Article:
How exactly to Potty Teach Your Puppy
Starting the potty process
Potty training a dog takes patience, kindness and a little planning. Before starting, have these helpful tools readily available:
A crate can be an acceptable way to keep your non-housebroken dog confined for short periods of time when you must leave her or him home alone. Dogs instinctively won?t do their business in their own space.
Training pads are absorbent, leak-proof and disposable, perfect to put on the floor in an inside place where you?d like your puppy to go.
Pet-specific stain and odor removers contain enzymes that help remove, not only mask, odors from pet messes.
Create a command and a reward
Establish a control that your pet can understand. Say, ?Go potty? while your pet is doing their business. This word association will help your pet learn to go whenever you say those magic words.
Whenever your dog is performed, say ?Good potty!? and give lots of compliment. Resist the temptation to prize this behavior with a delicacy, though.
Timing is everything
Create a consistent timetable for potty breaks. First, maintain your dog?s feeding times consistent and remember to remove leftover food between foods. This can help your dog develop a natural, predictable rhythm for eradication.
Recommended potty break times:
> First thing each day
> After naps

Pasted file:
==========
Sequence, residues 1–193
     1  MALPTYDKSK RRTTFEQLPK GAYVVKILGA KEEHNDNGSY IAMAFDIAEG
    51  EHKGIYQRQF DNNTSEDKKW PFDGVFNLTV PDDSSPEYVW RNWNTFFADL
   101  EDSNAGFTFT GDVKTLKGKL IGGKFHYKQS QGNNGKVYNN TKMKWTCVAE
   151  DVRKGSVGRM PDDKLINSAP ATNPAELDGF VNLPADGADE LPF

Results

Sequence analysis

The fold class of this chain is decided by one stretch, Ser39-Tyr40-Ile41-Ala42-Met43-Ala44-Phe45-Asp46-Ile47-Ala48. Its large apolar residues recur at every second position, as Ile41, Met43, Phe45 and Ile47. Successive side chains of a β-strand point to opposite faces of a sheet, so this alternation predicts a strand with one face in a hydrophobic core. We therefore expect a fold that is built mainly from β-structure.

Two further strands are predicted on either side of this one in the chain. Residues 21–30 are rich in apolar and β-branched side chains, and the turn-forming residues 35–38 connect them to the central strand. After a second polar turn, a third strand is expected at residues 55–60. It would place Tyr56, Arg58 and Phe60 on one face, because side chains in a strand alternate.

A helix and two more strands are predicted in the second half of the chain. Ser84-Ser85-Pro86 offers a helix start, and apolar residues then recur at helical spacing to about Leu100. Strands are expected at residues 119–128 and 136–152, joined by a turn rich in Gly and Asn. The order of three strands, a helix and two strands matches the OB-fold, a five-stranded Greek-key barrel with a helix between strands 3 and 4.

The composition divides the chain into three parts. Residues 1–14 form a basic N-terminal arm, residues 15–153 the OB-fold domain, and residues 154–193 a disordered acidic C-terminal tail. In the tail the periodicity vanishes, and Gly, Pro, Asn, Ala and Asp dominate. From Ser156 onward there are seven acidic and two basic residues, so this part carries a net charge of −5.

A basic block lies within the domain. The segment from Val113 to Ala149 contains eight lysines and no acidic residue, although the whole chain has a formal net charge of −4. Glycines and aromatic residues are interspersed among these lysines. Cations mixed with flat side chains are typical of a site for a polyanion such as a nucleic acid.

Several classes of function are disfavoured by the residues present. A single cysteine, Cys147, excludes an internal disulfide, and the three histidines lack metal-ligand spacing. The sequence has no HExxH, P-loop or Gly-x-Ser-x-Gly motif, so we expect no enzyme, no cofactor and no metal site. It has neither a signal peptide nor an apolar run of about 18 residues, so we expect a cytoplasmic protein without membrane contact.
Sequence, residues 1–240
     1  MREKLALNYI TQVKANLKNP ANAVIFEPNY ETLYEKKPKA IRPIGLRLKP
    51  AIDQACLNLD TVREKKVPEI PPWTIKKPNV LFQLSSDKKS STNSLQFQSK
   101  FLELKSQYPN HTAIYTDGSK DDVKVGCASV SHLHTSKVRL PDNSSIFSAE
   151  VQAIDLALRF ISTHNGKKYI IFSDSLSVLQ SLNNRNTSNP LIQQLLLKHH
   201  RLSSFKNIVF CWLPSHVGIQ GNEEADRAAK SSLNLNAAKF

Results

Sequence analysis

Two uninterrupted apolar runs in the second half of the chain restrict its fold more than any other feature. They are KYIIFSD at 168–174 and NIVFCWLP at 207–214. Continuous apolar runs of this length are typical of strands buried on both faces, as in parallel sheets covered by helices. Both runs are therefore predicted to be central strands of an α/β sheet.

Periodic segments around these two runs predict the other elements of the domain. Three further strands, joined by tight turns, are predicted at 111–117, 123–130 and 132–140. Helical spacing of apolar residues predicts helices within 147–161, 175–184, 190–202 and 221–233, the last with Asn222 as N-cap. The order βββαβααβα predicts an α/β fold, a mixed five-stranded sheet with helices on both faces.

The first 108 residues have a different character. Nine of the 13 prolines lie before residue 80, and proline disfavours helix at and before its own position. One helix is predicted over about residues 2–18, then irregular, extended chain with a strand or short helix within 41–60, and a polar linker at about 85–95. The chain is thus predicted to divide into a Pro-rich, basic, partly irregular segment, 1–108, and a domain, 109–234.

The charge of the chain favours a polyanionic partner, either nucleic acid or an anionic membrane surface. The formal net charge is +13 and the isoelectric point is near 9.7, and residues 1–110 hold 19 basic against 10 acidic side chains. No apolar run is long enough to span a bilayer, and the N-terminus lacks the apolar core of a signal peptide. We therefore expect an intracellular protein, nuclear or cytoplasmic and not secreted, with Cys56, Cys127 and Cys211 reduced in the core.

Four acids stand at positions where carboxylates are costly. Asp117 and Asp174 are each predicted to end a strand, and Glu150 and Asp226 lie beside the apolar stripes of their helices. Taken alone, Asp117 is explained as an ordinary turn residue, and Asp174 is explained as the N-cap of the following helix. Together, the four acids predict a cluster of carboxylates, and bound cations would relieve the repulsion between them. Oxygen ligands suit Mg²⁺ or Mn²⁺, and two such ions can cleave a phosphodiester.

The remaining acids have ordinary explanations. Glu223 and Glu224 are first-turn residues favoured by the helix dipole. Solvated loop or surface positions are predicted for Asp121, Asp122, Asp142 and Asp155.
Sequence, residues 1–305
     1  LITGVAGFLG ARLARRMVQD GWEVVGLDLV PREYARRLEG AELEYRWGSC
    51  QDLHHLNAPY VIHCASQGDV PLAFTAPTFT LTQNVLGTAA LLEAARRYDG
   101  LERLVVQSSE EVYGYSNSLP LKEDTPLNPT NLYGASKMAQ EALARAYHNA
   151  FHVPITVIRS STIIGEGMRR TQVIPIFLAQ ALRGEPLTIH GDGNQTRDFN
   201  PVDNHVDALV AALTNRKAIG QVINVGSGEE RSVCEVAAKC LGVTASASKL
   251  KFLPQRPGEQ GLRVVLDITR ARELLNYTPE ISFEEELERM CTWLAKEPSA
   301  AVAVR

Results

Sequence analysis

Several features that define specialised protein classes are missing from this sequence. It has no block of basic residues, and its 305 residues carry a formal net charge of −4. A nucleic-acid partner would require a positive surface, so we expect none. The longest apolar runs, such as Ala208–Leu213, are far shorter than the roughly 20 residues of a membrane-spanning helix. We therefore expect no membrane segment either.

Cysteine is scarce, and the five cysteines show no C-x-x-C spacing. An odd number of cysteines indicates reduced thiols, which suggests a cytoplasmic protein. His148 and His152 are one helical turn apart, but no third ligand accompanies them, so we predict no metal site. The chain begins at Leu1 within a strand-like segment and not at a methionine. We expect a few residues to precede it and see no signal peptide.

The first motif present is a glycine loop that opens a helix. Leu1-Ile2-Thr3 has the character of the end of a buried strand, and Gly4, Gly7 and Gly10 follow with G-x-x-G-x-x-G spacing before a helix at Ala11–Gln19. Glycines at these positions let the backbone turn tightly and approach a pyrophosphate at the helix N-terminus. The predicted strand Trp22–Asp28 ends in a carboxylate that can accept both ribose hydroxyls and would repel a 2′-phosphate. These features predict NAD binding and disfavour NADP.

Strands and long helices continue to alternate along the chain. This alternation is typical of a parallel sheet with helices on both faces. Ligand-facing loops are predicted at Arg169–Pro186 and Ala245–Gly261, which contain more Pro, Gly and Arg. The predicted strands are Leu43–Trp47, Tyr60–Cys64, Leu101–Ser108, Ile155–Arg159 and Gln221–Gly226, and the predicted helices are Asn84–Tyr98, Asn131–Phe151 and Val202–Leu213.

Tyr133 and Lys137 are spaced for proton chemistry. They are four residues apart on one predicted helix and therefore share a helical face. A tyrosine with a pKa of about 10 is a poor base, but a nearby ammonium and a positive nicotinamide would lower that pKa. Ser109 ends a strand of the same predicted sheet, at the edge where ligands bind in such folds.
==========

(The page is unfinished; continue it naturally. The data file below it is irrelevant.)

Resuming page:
> 10 to 20 minutes after every meal
> Prior to going to sleep at night
> At least once during the night (until your puppy is five a few months old)
> When you notice your pup sniffing an area while turning circles around it - that means they have to go NOW.
Teach your pet names where you can go
Dogs are creatures of habit; so the sooner they understand where business should be done, the sooner they?ll stop going elsewhere. To help speed up the process:
Take your dog to the same spot for every potty break.
Maintain your home and yard environment the same during potty training. Redecorating or renovations might confuse your dog.
Some canines learn faster than others, if a puppy seems to be having a unique amount of accidents, there could be a physical or psychological reason. Your dog may be anxious, depressed, frightened, excited, or could have a urinary tract an infection. A male dog may be marking his territory. Consult a veterinarian who are able to help identify and treat these issues.